whats up with the trees this year?
December 3, 2017 9:59 AM   Subscribe

As I've been out walking this year, I've noticed that about 25% of our non pine trees still have leaves on them. Sometimes, it's an entire tree, sometimes, like my backyard, a quarter of the leaves just haven't fallen. On oaks, the leaves have turned brown, however there are some other varieties that remain green. Some of the trees are huge 60 ft trees, and some are newly planted. I live in Maine, so these are normally down and raked by mid November. Any thoughts? Is it climate change?
posted by rudy26 to Home & Garden (16 answers total) 4 users marked this as a favorite
Montreal's La Presse considered your question this weekend, because we've seen similar phenomena in Quebec.
posted by zadcat at 10:02 AM on December 3, 2017

I think one key reason has to do with the temperature staying warm longer than it normally does. Here's another explanation that lists some other factors that are, indeed, worsened by climate change.
posted by pinochiette at 10:04 AM on December 3, 2017 [1 favorite]

Here in MA it stayed warm way into late October. We didn't have a killing frost until November 9th, which is definitely not usual. I was harvesting tomatoes until then.

Now, I can't say if it's directly related to climate change or just an unusually warm year, but the trend is definitely towards milder falls and therefore later winters.
posted by lydhre at 10:42 AM on December 3, 2017

Same thing here in northern NJ.
posted by ThePinkSuperhero at 10:43 AM on December 3, 2017 [1 favorite]

This article presents several climate change factors (heat, but many more) that can alter tree phenology in New England, relative to e.g the 1960-1990 baseline.

It is not specifically about this year, but is a solid reliable source for what factors the trees respond to, and how they change with climate change.

For this year, it’s far too early for actual scientists to weigh in on the record. I’d not expect to see that kind of stuff until at least a year out. So next fall remind me and we can look for reports of the form ‘study shows 2017 record late leaf drop in NE due to climate change’ :)
posted by SaltySalticid at 11:24 AM on December 3, 2017

I noticed this in Rhode Island too. I found some articles that explain the lack of bright colors but nothing that discusses the retention of leaves. The closest I have come is this article about the role of auxin in leaf abscission but I haven't figured out what environmental factors cause the delay.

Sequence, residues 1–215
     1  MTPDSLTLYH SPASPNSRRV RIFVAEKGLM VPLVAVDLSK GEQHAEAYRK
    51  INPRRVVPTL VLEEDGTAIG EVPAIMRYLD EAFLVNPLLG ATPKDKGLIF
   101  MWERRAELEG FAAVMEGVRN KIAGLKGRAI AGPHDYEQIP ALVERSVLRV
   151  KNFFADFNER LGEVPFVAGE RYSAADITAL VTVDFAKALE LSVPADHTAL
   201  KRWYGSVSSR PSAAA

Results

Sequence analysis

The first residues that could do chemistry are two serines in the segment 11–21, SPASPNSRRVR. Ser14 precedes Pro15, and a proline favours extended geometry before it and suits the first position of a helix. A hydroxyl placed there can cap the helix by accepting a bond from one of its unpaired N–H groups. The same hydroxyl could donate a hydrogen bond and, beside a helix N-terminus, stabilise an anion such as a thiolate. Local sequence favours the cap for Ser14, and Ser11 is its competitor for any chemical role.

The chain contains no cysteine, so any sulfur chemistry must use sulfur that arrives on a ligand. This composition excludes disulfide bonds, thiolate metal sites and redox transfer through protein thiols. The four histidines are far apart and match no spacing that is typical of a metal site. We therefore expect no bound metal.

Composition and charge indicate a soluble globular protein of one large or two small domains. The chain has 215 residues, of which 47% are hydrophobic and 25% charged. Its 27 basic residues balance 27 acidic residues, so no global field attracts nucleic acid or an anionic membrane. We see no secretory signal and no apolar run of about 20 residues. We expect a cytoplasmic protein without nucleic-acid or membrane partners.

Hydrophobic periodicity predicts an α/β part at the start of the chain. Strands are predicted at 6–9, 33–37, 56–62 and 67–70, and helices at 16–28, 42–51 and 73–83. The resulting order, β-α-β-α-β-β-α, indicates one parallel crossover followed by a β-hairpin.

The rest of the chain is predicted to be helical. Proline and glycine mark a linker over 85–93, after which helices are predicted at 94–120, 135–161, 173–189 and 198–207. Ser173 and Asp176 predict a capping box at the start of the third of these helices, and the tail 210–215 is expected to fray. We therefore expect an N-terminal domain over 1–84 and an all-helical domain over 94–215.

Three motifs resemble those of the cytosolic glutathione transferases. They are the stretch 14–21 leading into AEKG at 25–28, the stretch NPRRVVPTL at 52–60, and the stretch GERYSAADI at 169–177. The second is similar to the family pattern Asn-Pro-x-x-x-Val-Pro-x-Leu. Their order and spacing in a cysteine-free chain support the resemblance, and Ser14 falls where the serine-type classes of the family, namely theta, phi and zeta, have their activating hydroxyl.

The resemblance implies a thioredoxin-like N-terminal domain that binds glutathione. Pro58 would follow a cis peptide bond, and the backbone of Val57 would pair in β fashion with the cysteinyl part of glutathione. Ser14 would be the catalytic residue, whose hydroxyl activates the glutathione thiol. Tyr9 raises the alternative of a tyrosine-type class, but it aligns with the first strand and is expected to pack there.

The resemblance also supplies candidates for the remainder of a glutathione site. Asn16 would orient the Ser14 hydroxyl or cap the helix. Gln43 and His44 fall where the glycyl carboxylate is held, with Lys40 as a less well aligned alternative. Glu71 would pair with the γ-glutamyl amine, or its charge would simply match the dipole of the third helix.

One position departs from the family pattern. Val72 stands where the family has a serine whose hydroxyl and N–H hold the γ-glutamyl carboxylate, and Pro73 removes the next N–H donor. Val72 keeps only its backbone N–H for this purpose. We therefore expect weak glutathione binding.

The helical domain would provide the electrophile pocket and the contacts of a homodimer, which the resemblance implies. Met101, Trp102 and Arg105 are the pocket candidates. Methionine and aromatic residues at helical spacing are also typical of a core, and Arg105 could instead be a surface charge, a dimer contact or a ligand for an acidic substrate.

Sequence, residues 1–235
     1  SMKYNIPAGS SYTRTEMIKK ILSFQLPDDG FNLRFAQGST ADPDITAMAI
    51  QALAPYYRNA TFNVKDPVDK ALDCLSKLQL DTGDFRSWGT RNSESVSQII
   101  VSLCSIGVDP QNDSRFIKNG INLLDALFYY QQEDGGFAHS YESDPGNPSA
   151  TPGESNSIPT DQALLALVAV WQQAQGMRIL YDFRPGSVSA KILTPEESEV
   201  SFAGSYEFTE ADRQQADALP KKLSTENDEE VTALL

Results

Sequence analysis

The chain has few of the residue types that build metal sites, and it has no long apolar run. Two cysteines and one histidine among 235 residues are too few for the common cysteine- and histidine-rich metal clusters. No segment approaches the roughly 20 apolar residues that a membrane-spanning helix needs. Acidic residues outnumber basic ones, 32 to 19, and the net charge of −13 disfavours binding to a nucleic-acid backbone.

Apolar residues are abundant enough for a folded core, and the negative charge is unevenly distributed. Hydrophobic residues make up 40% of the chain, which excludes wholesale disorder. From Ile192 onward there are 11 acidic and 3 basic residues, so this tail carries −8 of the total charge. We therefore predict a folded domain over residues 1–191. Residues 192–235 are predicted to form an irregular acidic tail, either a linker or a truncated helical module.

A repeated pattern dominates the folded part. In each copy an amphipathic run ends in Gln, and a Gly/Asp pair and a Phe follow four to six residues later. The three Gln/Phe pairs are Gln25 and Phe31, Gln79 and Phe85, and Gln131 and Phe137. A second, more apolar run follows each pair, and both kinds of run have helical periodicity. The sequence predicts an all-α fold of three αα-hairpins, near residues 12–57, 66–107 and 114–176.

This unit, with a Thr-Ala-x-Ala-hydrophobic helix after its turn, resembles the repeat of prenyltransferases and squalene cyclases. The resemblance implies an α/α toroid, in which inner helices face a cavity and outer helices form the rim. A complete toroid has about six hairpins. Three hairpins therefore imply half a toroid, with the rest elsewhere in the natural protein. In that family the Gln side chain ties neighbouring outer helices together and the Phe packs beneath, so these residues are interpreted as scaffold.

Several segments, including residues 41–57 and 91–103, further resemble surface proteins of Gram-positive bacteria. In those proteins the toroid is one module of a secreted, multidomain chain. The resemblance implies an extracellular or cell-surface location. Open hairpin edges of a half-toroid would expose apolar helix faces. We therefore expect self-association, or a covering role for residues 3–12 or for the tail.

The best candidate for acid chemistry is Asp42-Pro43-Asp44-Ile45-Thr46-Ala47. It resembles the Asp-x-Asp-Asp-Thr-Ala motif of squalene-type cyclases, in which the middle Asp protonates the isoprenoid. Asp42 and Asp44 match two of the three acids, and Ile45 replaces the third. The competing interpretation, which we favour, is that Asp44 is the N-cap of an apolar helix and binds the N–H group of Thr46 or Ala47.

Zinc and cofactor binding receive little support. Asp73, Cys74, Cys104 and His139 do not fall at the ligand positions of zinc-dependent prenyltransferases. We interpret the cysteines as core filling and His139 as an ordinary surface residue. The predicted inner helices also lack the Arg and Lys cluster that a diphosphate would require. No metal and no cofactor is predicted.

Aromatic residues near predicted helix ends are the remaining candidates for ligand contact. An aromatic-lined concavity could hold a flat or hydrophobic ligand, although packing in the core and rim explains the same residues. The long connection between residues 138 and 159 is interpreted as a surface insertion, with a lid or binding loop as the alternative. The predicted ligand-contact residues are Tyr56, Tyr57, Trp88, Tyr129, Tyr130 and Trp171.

posted by Botanizer at 11:47 AM on December 3, 2017

My driveway is basically a carpet of leaves. I live in Atlanta but this is unusual for early December.
posted by madcaptenor at 12:36 PM on December 3, 2017

We've had the same thing in our part of upstate NY. The leaves didn't really get around to changing and falling until Thanksgiving week ("you didn't need to do this all at once," I snapped at the big tree in my front yard).
posted by thomas j wise at 12:56 PM on December 3, 2017 [2 favorites]

It has been unseasonably warm here in Illinois, also. Sorry, not going to complain. But I am seeing what seems, to my untutored eyes, an unusually large amount of non-bare trees.
posted by Samizdata at 2:38 PM on December 3, 2017

Msg from other side of planet. Our apricot region - Central - is having it's earliest harvest ever - a full 2 weeks early. Had very mild winter, and summer is ?4 or 5°C warmer.
posted by unearthed at 9:50 PM on December 3, 2017

Here in Italy for the pst three-four years the craziness in the seasons has become so marked that even city-dweller friends have remarked on it. Trees and plants are blossoming at totally unusual times - e.g. mimosa, the traditional gift for Women's Day on 8 March, already bloomed and faded by the end of February, an easy data point to spot even by the unobservant. The migratory flocks of birds are gathering and doing their pre-migratory flight checks totally out of sync. Last month I spotted a couple of mosquitos, normally all gone by mid- or end-September. Something's going on, and it's creepy.
posted by aqsakal at 11:08 PM on December 3, 2017 [2 favorites]

Best answer: Here is a nice meta-analysis of leaf drop phenology work. TLDR- leaf drop is happening later, especially in mid-latitudes, but it is a complex, multi factor problem that makes for messy data.
posted by rockindata at 4:22 AM on December 4, 2017

Best answer: We're noticing similar in Chicago. Our local arboretum said it's a combination of a wet spring, dry summer, and a late first frost. (And we still haven't had a real cold spell, though that supposedly happens this week.) They said that the wet spring meant the trees leafed out much more than usual, which means there are more leaves to drop, too.
posted by writermcwriterson at 1:20 PM on December 4, 2017

Response by poster: you all have been quite helpful. Thanks.
posted by rudy26 at 2:33 PM on December 4, 2017

Much the same in Western Washington. There have been a lot of leaves on the ground, but many in the trees as well still. No frosts yet, and our usual mid-November fogs didn’t start until early December. But for all that, it’s been unusually wet and lots of early snow in the Cascades.
posted by lhauser at 7:34 PM on December 4, 2017

Not trees, but other worrying changes in the seasons in UK, too.
posted by aqsakal at 1:23 AM on December 5, 2017

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